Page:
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Viewing second opinions in terms of recent developments in patient choice


Patient choice has become an increasingly visible part of publicly funded health care systems. Since the 1990s, many individuals have gained the ability to select their insurer in social health insurance funded systems, while in tax-funded health systems many patients can now select their primary care and hospital providers. Second opinions about clinical procedures are part of this broad movement toward increased patient involvement in care-related decision-making. One interesting policy question will be whether the coming period of financial austerity will strengthen or weaken the role of choice as health systems seek to deal with the inevitable mismatch of demand for and supply of medical resources.

Seeking a second opinion [1] is part of a constellation of choices that patients are increasingly entitled to make about their health care services. In social health insurance funded systems, where patients have long had the ability to choose their primary care physician and hospital (although sometimes not hospital specialist), they have now become able to choose their insurer (Netherlands, Germany) [2, 3]. In tax-funded health systems, depending on the country, patients have generally acquired the ability to choose their primary care facility and doctor if these are publicly run (Sweden) – while patients have long had at least some ability to choose their primary care doctor in systems where those physicians were private GPs (United Kingdom, Denmark) [4, 5]. Similarly, these patients often now can choose their hospital in tax-funded systems, especially if they face a prolonged waiting period (although they usually cannot choose their hospital specialist) [6].

This complex framework of patient choice has grown considerably over the past 25 years. A combination of better informed patients and, in some systems, substantial waiting lists have pushed policymakers to open up what previously had been an expert-determined planning process. Planners’ concerns that allowing choice would cost more (due to extra capacity) as well as reduce overall equity have largely been replaced by politicians’ concerns that they not be blamed by increasingly vocal patients for inadequately responsive provider institutions.

This growth in patient choice also represents a desire of many patients to participate in their own medical decision-making [7]. A whole branch of medical research and decision-making has grown up devoted to assisting patients in helping make clinical decisions that have social and lifestyle consequences such as those dealing with breast and prostate cancers. See, for example, the work of the Informed Medical Decisions Foundation in Boston [8]. The Picker Institute in England has published numerous studies on how patients can be more involved in care-related decisions [9].

One interesting issue is how well this entire apparatus of patient choice –potentially including second opinion– will sustain itself as health systems confront what is shaping up to be a new era of permanent austerity [10]. While the principles of patient choice are fairly well embedded in many health systems, tax-funded health systems in particular may face pressures to cut back aspects of choice that are perceived to require additional expenditure and/or personnel time. In this regard, although second opinion has the advantage of reducing costs from unnecessary procedures, some public policymakers may seek to trim down the numbers of second opinions to only those interventions and/or cases where past research has shown substantial likelihood of cost savings.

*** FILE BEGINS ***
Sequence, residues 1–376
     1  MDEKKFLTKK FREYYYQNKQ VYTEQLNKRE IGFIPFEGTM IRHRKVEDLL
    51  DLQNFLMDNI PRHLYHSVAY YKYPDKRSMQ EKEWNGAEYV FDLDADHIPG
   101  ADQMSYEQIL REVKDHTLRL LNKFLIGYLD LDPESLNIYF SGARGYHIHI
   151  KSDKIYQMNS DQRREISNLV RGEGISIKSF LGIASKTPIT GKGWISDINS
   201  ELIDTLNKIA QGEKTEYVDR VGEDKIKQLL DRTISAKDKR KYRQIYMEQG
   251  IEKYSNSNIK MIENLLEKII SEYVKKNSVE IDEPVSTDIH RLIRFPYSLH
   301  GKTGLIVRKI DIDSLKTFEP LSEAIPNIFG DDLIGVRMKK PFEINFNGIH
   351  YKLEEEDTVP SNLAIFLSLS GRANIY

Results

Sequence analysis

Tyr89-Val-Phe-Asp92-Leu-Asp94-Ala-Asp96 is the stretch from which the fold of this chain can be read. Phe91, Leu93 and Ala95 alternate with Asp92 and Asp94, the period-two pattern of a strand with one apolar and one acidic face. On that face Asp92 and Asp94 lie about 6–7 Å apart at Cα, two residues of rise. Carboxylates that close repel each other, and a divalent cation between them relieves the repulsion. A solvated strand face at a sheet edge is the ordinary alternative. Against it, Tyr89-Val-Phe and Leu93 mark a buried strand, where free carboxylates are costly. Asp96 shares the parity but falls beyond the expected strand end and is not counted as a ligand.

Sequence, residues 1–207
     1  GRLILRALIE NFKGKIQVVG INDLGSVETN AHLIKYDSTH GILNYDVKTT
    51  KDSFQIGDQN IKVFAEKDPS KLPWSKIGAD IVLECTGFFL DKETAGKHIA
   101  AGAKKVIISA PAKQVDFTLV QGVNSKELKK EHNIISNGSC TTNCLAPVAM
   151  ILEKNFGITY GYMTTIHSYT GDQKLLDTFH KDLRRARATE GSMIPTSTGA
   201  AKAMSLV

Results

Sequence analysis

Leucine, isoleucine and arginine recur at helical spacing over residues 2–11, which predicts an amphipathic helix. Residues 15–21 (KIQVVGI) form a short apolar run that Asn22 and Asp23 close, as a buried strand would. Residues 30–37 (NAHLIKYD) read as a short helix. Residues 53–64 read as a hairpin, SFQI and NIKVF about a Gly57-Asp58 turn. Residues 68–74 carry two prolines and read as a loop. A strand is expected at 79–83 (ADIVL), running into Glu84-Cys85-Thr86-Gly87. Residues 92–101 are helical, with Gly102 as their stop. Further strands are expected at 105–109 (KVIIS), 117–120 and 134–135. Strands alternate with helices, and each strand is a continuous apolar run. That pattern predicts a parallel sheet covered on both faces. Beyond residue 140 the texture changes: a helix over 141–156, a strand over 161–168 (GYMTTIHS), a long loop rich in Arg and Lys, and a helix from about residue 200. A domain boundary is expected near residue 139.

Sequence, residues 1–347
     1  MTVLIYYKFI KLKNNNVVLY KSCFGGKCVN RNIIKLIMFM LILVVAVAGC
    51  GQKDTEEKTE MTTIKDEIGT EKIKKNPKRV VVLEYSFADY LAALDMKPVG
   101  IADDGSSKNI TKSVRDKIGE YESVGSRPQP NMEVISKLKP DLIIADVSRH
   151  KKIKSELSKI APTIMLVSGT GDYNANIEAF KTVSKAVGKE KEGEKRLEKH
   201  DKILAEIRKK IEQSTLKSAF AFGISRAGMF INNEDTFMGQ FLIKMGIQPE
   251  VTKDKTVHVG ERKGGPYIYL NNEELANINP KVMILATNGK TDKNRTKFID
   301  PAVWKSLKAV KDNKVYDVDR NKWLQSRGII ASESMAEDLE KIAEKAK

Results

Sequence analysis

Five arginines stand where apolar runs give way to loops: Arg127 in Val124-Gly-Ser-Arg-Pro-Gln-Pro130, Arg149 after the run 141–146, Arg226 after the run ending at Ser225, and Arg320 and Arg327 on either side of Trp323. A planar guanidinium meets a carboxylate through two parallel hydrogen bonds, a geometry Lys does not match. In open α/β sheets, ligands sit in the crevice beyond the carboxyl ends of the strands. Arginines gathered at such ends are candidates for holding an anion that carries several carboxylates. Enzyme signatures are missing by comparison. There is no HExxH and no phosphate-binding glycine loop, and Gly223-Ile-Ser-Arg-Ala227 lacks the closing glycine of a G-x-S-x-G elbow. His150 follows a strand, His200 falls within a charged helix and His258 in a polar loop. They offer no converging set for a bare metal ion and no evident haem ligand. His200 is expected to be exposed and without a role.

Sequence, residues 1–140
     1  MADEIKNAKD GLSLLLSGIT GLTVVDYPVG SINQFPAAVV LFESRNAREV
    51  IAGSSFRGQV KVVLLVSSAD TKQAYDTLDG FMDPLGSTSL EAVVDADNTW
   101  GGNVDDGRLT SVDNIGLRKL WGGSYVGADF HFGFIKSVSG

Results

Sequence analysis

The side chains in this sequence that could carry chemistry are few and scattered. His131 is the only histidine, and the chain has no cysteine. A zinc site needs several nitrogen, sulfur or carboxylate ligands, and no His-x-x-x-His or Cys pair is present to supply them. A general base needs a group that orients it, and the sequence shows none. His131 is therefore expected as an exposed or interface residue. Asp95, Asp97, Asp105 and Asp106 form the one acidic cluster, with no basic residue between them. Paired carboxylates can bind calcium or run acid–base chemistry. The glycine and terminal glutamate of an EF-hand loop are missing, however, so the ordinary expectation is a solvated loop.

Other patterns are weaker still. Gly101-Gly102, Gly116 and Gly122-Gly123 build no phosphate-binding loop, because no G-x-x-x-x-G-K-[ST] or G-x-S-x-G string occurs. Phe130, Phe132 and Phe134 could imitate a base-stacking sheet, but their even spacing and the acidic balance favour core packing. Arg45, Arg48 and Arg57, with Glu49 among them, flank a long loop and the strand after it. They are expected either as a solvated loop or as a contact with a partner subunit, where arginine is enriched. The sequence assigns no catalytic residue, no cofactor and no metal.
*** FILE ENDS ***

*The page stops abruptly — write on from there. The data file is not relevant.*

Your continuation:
Patients, conversely, may well push for increased choice options, especially if the austerity process results in making patients contribute more out-of-pocket to the overall cost of the procedures they receive. If they have to pay more, they may reason, they ought to have more of a say in deciding what should be done. This may especially apply to second opinions for expensive and invasive clinical procedures. Increased patient expectation of participation in medical decision-making may also develop if some tax-funded health systems, facing serious funding shortfalls, turn to private providers for particular procedures where private provision (especially if they do not involve union contracts) may be cheaper.

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Richard B. Saltman is Professor of Health Policy and Management at the Rollins School of Public Health at Emory University in Atlanta. He is also Associate Director of Research Policy at the European Observatory on Health Systems and Policies in Brussels.

Commentary on the paper by Greenfield, Pliskin, Wientroub, Davidovitch: Orthopedic surgeons’ and neurologists’ attitudes towards second opinions in the Israeli healthcare system: a qualitative study.


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Correspondence to Richard B Saltman.

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Dr. Saltman has no commercial conflicts of interest.

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Saltman, R.B. Viewing second opinions in terms of recent developments in patient choice. Isr J Health Policy Res 1, 31 (2012).

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